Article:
9). Keep good thoughts going through your head. Stay interested in the other person and focused on them. If your conversation partner appears withdrawn and uninterested in sharing information with you, don't persist too much.
• Keep your questions non-invasive; be sure you're not asking them questions they'd rather not discuss.
• Don't ask too many questions if your conversation partner continues to appear unresponsive.
• ck into yourself. Note each time a similarity or common goal pops up in the conversation to remind yourself of the worth of continuing to connect with this person.
• Smile a lot, and laugh when any quip is made by the other person.

10). Maintain the equilibrium. As the person who started the conversation, the responsibility initially rests with you to maintain the momentum. But what about when the other person starts practicing active listening and open questions back on you?

• Speak with clarity and purpose. If you're mumbling, it makes conversing a lot harder.
• Reflect before speaking if it's your turn to talk and allow silence to also have its rightful place in your conversation. Don't be afraid of pauses – use them to change topics, re-energize the conversation, or to take a short breather even.
• Relax. Chances are that whatever small-talk you're making isn't going to stick out in anyone's mind a few months from now.
• If you think of something in your head while you're talking, it's probably related.
• If you're shy, it is helpful to have thought about a topic or two in advance that you feel comfortable talking about.
• Follow the lead that your listener is expressing. If he or she appears interested, then continue. If he or she is looking at a clock or watch, or worse, looking for an escape strategy, then you've been going on for too long.
• Interesting and funny quotes or facts can lighten things up, and make way for things to talk about.
• Half of an effective conversation is the way you non-verbally communicate, and not necessarily what you say. Practice better non-verbal skills that are friendly and confident.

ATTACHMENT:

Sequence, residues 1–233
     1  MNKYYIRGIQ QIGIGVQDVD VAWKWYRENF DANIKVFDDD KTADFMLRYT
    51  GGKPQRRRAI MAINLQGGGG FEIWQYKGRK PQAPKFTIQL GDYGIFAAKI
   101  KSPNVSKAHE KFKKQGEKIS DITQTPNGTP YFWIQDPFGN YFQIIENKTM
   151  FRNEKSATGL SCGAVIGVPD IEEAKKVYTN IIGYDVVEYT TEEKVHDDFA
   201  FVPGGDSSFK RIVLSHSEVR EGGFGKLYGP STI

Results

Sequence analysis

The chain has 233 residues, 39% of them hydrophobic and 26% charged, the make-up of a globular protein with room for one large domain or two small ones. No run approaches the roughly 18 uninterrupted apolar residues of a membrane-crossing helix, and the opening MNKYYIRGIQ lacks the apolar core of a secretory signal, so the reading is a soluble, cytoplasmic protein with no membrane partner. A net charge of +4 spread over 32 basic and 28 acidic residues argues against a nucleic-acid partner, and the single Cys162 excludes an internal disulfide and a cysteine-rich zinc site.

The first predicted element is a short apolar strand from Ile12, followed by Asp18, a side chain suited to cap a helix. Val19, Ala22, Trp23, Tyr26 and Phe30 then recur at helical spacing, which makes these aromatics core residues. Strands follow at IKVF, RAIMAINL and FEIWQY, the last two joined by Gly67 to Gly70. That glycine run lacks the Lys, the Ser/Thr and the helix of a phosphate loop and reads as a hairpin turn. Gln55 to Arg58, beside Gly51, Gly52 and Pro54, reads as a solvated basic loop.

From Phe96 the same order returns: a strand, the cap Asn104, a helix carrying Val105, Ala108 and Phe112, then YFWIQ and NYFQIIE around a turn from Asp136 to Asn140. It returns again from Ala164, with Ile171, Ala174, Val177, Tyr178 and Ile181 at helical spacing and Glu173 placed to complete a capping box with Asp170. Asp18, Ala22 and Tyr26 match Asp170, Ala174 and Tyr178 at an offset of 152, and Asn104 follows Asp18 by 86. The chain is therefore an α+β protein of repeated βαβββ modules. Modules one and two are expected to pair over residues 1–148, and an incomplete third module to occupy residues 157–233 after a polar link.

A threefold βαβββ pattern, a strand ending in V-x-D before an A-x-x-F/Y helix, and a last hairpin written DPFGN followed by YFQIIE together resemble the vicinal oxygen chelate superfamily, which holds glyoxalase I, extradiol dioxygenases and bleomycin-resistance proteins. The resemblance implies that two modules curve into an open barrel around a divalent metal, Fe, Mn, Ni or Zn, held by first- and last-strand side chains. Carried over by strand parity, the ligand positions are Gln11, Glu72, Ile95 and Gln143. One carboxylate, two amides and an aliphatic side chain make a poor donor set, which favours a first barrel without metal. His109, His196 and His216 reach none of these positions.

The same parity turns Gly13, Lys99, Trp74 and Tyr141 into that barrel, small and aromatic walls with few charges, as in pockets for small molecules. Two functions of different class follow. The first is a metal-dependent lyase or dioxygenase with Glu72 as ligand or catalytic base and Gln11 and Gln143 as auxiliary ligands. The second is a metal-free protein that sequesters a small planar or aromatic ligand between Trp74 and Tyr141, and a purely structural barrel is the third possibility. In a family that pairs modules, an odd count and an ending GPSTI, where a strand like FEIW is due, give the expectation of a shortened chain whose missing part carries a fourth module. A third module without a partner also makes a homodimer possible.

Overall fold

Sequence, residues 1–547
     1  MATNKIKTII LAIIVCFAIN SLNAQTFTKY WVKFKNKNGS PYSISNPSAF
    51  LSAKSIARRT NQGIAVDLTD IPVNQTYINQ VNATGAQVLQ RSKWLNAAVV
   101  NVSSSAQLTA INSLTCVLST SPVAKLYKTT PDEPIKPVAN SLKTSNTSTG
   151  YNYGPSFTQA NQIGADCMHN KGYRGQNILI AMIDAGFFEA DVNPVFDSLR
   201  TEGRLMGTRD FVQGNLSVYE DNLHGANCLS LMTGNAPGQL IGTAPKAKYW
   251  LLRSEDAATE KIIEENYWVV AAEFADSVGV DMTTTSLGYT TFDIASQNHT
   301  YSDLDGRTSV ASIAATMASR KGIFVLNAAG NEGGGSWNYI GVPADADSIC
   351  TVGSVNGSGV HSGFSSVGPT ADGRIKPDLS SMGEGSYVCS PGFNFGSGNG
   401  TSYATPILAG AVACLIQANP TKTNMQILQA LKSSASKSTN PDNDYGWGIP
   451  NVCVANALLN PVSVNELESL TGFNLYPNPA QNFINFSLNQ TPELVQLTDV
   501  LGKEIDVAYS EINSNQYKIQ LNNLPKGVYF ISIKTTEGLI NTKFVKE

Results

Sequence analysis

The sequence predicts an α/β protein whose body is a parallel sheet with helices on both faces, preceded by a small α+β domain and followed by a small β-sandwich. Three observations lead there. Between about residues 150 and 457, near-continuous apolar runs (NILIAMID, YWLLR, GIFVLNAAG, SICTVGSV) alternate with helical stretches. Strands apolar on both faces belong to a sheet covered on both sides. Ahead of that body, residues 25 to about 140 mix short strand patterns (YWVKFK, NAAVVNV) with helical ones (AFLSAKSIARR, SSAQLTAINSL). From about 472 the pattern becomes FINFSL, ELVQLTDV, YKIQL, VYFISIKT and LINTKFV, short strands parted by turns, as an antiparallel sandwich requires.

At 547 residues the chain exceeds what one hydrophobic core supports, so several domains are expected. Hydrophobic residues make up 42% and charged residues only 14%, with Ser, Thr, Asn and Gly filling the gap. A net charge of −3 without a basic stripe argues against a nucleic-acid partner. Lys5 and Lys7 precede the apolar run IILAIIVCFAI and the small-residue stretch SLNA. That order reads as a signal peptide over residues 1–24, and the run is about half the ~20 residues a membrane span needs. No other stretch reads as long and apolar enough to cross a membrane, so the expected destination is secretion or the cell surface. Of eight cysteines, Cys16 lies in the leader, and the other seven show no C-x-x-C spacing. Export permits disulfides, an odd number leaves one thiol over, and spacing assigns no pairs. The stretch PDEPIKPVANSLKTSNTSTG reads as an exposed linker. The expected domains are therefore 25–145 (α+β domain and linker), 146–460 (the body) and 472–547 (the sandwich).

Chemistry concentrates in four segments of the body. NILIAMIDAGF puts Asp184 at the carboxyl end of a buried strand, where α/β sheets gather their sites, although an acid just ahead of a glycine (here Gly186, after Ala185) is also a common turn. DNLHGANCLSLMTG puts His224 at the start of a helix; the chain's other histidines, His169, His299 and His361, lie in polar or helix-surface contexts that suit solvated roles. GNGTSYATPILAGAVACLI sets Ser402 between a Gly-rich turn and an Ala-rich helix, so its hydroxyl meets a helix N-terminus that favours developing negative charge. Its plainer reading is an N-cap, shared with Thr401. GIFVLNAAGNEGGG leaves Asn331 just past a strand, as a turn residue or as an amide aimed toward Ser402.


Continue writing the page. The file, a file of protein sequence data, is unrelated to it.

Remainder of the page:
• Take a mental note of some amusing things that you saw or heard througout the day. This can give way to future conversation.

• Don't be overly invasive with your questions.
• Watch out if you use tons of fillers like "umm" or "soo". It might make the person you're talking to feel awkward or obligated to say something. Instead talk slowly and pause. This will create a little tension and make your newly found friend more invested in your conversation.
• Don't ever comment negatively on the person with whom you are talking, or anyone else; you never know if there is a personal attachment to the person you are criticizing.
• Never swear, insult, disrespect, use racial, religious, sexual orientation, and gender slurs in front of others
• Never act arrogantly and pretend to be a Know-It-All when dealing with people.
• Never ever interrupt a conversation between one or more people. Wait for the conversation to stop and then say something. Common courtesy goes a long way.
• Make use of "please", "may I", "thank you", "could you" when someone is nice to you and when you want something. Being polite shows maturity and intelligence.
• Don't always talk about your financial status in the presence of your new friend.
• Also remember that not everyone wants to talk. If the person shows signs of discomfort or loss of interest, you should not bother them